He went completely blank. And I realized -- as internally my ego tumbled off the pedestal I had just put it on -- this kid didn't know who I was. He was just told by someone that I was the director of whatever it was they were shooting there. (Peaceful What...?)

I smiled and said: "You don't even know who I am, do you?"

"Yes I do," he insisted. "What's my name?" I asked him as I handed him his autograph. He narrowed an eye, not about to lose face in front of the fifty or so people watching and smiling with us.

He snuk a quick peek at the paper in his hand, looked at my unreadable scrawl and said "Vince Salsa!"


Love it or hate it, the whole horrible ending of JEEPERS CREEPERS was indeed sort of reverse engineered knowing we would be using the song and it lyrics during our final shot.

My challenge to myself was: what would be the most horrifying interpretation of those lyrics as we hear them for the last time? And so was born, the eye-less Darry Jenner.

I have often been told the end of JEEPERS CREEPERS was too dark, too sad or just a long way to go for a bad pun. There are times when I agree with all these ideas, but other times, I think those people are missing the point of what this film is: a campfire story.

And a good campfire story doesn't send you to your sleeping bag with a good feeling, it sends you back with butterflies in your stomach, wondering if this horrible tale was real or if it could happen to you.

( I love this widely released still, because the Creeper looks scary in it, and Justin, with that great look and bulging eyes, harkens back to one of my all time favorite genre films: ABBOTT and COSTELLO MEET FRANKENSTEIN)

Believe me, I didn't like killing Darry Jenner! In many ways, I was him! I loved him! Having Darry die was a tough call for me. But in telling stories, you pick things that have impact. I was following the rule of tragedy.

And in JEEPERS CREEPERS, after my original ending, the battle that Darry and Trish were supposed to have with the Creeper and his truck, as they race away from the police station, had been abruptly cut due to a severe and sudden budget problem, I was left with the challenge of finding a way to make a very inexpensive yet chilling end to the film.

And I knew instantly, that we had to kill the thing that the audience loved the most. And that was Justin Long. Or Darry rather. It was Justin's great characterization of Darry Jenner (I have never seen him better) that had worked into our hearts by the end of the picture and that is why JEEPERS CREEPERS concludes with its campfire tale ending, an operatic tragedy and a terrible play on words from a classic song from the 30's.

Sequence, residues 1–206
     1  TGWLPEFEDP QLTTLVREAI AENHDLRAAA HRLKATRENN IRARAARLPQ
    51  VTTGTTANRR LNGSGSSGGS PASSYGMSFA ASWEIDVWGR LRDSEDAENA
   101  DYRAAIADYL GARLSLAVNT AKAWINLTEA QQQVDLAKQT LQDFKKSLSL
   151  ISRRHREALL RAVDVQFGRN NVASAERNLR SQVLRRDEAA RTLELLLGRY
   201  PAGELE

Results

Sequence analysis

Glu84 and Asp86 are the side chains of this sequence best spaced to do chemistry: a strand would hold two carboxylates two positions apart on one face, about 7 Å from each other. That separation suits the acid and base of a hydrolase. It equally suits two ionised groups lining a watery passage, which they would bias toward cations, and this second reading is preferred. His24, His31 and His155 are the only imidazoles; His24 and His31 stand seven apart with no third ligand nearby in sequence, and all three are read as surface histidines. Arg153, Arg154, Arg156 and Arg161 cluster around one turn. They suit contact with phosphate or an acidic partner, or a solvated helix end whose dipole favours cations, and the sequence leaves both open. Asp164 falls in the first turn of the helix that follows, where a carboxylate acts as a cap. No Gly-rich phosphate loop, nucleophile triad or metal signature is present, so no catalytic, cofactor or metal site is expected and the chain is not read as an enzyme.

It works for some. Not for others. Such is the nature of art.

Back in Los Angeles, months after our grueling shoot in a Florida heat wave, we went to the stages over at Panavision out in Woodland Hills, not far from Hollywood, and recreated a section of the Creeper's lair that matched the one we filmed at an old slaughterhouse back on the East Coast.

I like these pictures for a couple of reasons, one it shows off the amazing skill and craft of our make-up effects wizard Brian Penikas.

He and his effects house Make-Up and Monsters have done both Jeepers films and these shots show their incredible likeness of Justin Long, who now naked and without his "peepers" is just another work in progress in the Creeper's lair.

They cast Justin's entire body from head to toe for this amazing life-life Darry cadaver, one that was so anatomically correct someone tied a trash bag around its waist in these pics in the interest of modesty.

(Some rare snapshots taken the day we filmed the last shot of the original JEEPERS )

These pics show off Penikas' great work in more ways than just dead Darry though. The Creeper is Brian's handiwork too. And what makes these shots so rare, is that this is the only time Justin Long himself played the Creeper.

For our final shot where the creature looks through Darry's eye socket at us, we needed the eye that looked at us to be Darry's eye! Because the Creeper now had Darry's eyes, right?

The only solution was to take Justin Long and put him in full "Jonathan Breck Creeper" regalia. And it was a strange day indeed shooting this shot where Justin as the Creeper, peers through his own dead head's eye socket.

The shot took about a half a day to set up, light and shoot. It was really grisly looking at that Justin Long cadaver all day, so I was happy to get the shot over and be done with it.

(Me peeking out the eye hole of the absolutely chilling and authentic looking Darry Jenner corpse that Brian created for the final shot of the film)


No Jeepers Creepers blog would be complete without mentioning the artwork of my long time friend, the fiercely talented Brad Parker. Brad not only did the first concept designs of the Creeper but ened up pretty much designing him.